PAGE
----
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Java modules and Project Jigsaw a source of JavaOne 2017 pride
It wasn't easy getting Project Jigsaw ratified, but it is now part of the Java SE 9 package, and Oracle executives at JavaOne 2017 couldn't be prouder.
Mark Reinhold, Chief Architect of Java, took the stage during this year's keynote address at JavaOne to provide an update about Java 9. His JavaOne 2017 presentation highlighted the work his team put into making Java less painful to use in today's fast-paced and nimble development world. In particular, he spoke about addressing two key pain points that face enterprise developers: the brittle classpath and the monolith.
Modules prove to be the solution
At JavaOne 2017 it was discussed how the team turned to its tried and true method for solving difficult problems like modularity in Java. First, they identified the missing abstraction, then they determined what they would need it to do and how to make it fit in while preserving readability, simplicity, universality, and compatibility—all core values of Java according to Reinhold. "That missing abstraction, as we now know, is modules."
For any developers new to the concept of Java modularity, Mark described in his JavaOne 2017 keynote how modules as, "a set of packages designed for reuse." He went on to outline Java's modular solution. "In Jigsaw, modules are a new construct of the programming language. They work the same way at compile time and runtime because they are known to both the compiler and the VM." He explained the purpose of Project Jigsaw in simplifying development and providing a cleaner, safer alternative to the classpath—the module-path.
Why module-path beats the hell out of classpath
Besides being easy to deploy autonomously due to loose coupling and having a readily understandable interface, modules offer some high value benefits that classpath never could. In Reinhold's words, "It guarantees two key properties you can't even express, much less guarantee on the classpath." The first property is reliable configuration. "If one module requires another, that other module will be present and none will conflict with any others." With modules, all requirements and dependencies are simple to discover and identify. And if there is a missing element, this becomes readily apparent while building the code—not just at runtime.
The second property is strong encapsulation. "Code outside of a module can only access the classes and interfaces in the packages explicitly exported by that module." This concealment and protection of internal APIs provides a certain measure of security from attack and allows these APIs to be updated as desired. Mark admitted that this encapsulation is relaxed a bit for certain classes that are being phased out, allowing time for enterprises to replace legacy code with more modern versions.
Slicing up the spaghetti bowl
The move from monolith to modules was another crucial challenge for the Java architecture team. Reinhold presented complex charts showing how the original "spaghetti bowl" of platform components in the monolith was eventually broken out into a set of 26 standard Java SE modules, with java.base underlying them all. The benefit is evident and immediate. "Now it is scalable. You can reliably configure subsets using only the necessary components." Mark mentioned that developers can now produce custom runtime systems using Jlink, a new tool in Java 9. The result would be a much faster platform.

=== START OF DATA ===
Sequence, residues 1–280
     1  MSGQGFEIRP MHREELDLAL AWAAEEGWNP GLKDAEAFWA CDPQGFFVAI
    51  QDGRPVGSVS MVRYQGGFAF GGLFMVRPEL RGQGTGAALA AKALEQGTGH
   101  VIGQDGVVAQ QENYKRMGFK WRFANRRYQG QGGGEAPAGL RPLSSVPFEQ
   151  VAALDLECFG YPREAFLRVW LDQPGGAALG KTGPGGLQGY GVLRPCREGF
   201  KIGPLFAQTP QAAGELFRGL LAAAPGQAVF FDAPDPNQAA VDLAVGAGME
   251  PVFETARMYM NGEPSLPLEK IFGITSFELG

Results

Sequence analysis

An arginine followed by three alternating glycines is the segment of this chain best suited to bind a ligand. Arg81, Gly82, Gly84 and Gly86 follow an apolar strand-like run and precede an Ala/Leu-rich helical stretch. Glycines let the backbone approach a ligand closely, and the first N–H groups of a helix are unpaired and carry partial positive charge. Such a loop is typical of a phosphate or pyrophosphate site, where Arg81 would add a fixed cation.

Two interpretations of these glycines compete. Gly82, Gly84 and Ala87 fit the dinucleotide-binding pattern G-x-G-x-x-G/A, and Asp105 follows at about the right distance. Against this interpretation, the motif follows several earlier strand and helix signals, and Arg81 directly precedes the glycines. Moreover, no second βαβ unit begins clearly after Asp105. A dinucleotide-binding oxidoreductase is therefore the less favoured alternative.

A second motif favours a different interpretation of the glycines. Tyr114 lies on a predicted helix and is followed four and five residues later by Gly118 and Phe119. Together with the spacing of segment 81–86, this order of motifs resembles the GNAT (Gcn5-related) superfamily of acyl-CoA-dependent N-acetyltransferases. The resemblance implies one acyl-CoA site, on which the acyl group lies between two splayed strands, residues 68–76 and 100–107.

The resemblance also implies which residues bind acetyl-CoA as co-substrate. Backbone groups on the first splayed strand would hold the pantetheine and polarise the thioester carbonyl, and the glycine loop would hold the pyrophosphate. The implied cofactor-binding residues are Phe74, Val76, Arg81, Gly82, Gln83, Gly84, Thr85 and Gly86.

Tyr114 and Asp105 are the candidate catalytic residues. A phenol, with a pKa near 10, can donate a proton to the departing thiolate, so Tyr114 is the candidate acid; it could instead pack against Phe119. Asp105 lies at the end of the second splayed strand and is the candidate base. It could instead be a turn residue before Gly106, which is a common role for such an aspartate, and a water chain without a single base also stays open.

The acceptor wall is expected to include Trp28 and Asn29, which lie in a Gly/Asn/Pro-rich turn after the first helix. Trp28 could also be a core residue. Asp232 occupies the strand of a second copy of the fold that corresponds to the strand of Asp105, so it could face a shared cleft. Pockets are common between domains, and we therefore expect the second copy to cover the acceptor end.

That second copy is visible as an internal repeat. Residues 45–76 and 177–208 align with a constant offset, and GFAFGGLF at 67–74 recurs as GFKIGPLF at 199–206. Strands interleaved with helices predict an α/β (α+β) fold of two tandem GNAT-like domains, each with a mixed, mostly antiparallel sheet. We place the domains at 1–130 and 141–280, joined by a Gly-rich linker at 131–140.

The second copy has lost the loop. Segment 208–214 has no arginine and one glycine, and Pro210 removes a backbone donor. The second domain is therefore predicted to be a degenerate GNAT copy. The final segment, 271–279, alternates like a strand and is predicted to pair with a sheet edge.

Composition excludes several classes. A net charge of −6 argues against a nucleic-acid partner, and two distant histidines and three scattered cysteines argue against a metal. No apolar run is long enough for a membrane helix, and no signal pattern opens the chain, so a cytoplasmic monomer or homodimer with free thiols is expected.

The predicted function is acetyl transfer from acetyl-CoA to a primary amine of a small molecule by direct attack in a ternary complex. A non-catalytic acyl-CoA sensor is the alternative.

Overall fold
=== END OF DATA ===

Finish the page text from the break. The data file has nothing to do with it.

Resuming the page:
What about the Project Jigsaw haters?
Mark took time to address the notion that, "Jigsaw breaks everything." He confessed that, in fact: "Jigsaw breaks some things." The trick is to understand the risk. Developers working with Java-centric code are not in much danger of having everything explode in their face. "If an existing application runs on JDK 8 and if your code only uses standard Java 8 APIs, then it will most likely work on JDK 9 without change." For those unlucky developers working on code that has obscure, rarely used methods and non-standard APIs, libraries, or dependencies, the risk of problems goes up.
However, according to a survey Reinhold conducted on Twitter prior to the conference, Project Jigsaw is indeed compatible with a significant portion of the ecosystem from Gradle to Spring and most of the other popular tools, frameworks, and environments. He encouraged developers to run jdeps which can check internals and suggest standard replacements, offering a fairly straightforward way to prepare existing code for the implementation of Java 9.
Project Jigsaw can be implemented piece by piece
Mark assured audience members that they do not have to convert everything to modular form to start using Project Jigsaw. It was designed to integrate with legacy systems and can coexist peacefully with classpaths. "Jar files on the classpath can even refer to APIs that are exported by modules on the module-path." This pragmatic approach acknowledged the fact that breaking up a monolith requires more than tools. It takes time. "We know it's going to be a long road to widespread adoption."
In the meantime, the team is busy preparing the language for a future that will see an even faster acceleration in the rate of innovation. In his JavaOne 207 keynote, Reinhold reiterated that Oracle is committed to shipping every six months going forward, greatly reducing the time to launch new and improved features. "It keeps Java moving forward and moving forward faster." Smaller, faster, better. That's the goal of modularity, and next year's conference attendees should discover even more ways to ease their transition into the Jigsaw world of Java development.
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